You read in the morning paper that another one of your favorite small businesses has just closed – a health-food store, a hardware store, a book store. You rail against the gods of the mega-corporations, lamenting the death of your community’s soul, wishing someone would do something.
You are at the check-out register at the healthy-living supermarket (in the US, picture Whole Foods). The cashier asks, “Would you like to donate to a fund to keep our local health-food store alive?”
Knowing the readers at this blog, many of you would absolutely add a few dollars to your tab.
You are about to click the last “process my order” button online at Amazon or Barnes & Noble. A window pops up, asking, “Would you like to donate 5% of your total to keep a local bookstore in your hometown going strong?”
We all love our local bookstores – we click YES!
Now picture this:
Instead of “donating to support local business,” just buy at your local stores. Yeah, it costs a little more. But if you love them enough to “donate” to them, then love them enough to shop at them!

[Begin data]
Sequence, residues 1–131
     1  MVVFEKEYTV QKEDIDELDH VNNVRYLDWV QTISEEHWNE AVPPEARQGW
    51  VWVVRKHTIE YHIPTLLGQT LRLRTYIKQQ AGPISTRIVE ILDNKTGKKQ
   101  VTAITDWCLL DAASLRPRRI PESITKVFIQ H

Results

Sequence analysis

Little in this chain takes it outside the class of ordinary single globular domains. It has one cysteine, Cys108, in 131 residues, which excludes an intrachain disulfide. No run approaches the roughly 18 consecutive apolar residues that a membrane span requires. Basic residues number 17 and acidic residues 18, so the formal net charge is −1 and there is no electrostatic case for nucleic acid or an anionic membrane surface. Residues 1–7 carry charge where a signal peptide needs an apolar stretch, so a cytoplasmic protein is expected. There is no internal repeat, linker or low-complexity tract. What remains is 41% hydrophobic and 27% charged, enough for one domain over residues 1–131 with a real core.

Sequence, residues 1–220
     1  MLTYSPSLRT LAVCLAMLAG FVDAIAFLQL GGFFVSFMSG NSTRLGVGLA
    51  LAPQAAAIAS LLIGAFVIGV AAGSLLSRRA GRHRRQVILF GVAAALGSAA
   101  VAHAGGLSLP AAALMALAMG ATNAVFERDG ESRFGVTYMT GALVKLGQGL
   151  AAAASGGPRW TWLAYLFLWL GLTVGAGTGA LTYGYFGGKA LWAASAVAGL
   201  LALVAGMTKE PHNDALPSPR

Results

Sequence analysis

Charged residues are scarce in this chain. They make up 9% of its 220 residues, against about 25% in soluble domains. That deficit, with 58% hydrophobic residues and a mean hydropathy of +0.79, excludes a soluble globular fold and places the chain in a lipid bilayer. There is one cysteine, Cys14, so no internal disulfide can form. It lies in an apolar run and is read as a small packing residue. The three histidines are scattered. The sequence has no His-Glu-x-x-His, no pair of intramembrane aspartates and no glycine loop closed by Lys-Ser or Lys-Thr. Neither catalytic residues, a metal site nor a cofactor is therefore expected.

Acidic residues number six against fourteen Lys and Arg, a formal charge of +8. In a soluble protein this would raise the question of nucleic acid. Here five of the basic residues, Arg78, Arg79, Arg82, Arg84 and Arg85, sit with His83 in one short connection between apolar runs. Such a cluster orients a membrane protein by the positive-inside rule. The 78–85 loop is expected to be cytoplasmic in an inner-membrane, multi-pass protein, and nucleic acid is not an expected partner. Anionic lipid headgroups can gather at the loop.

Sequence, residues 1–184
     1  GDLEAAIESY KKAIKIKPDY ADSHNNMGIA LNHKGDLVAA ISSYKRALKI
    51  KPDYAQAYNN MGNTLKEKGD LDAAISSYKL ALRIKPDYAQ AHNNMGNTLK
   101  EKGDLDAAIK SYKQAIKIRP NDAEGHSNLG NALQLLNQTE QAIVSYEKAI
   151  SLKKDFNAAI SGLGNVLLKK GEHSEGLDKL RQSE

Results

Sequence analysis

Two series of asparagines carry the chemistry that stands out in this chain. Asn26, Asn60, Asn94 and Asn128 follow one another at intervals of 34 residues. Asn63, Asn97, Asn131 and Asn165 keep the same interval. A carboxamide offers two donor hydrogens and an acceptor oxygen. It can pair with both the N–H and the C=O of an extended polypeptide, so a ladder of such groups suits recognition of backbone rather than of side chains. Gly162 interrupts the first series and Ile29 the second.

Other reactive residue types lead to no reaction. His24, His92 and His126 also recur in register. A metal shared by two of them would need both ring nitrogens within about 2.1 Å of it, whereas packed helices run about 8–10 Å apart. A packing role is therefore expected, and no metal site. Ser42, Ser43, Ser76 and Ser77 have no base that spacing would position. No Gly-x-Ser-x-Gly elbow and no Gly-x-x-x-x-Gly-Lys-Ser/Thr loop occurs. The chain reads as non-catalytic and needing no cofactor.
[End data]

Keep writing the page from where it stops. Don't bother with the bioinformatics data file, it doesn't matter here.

Donating is supporting those stores in theory. “I believe in local business, so I donate.”
Shopping there is real. It is personal. It is direct, relational. It keeps people employed. It fosters independence and interdependence all at the same time.
Small stores will order what you need if they don’t have it, and they’ll call you when it’s in. They’ll set stuff aside for you when you’re on vacation, because they know you’ll love it when you get back.
So if we want to stop seeing the death of small local shopping, all we need to do is donate. To them directly. By buying there.